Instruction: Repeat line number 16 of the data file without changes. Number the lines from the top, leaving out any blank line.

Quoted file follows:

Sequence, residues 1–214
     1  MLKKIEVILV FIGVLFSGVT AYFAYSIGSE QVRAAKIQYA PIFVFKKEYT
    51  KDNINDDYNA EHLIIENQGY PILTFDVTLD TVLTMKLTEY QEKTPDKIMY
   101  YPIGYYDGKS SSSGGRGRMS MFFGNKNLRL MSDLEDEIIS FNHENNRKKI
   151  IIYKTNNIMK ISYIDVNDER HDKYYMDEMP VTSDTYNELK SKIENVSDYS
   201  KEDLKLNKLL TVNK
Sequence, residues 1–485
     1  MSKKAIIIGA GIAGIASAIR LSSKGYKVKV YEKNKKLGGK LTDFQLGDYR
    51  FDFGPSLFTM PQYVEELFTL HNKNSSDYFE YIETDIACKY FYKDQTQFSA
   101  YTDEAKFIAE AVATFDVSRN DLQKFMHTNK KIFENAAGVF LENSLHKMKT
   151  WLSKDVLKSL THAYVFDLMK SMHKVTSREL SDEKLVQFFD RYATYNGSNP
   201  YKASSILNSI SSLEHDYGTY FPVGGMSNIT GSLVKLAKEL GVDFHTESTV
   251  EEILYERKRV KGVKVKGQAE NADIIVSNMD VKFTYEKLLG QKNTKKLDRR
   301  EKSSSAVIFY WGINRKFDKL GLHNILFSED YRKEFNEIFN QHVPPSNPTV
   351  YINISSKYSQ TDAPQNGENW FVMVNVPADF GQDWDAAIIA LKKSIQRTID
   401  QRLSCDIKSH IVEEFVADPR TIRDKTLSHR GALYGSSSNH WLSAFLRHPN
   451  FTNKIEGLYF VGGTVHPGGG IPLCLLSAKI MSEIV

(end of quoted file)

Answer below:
   401  QRLSCDIKSH IVEEFVADPR TIRDKTLSHR GALYGSSSNH WLSAFLRHPN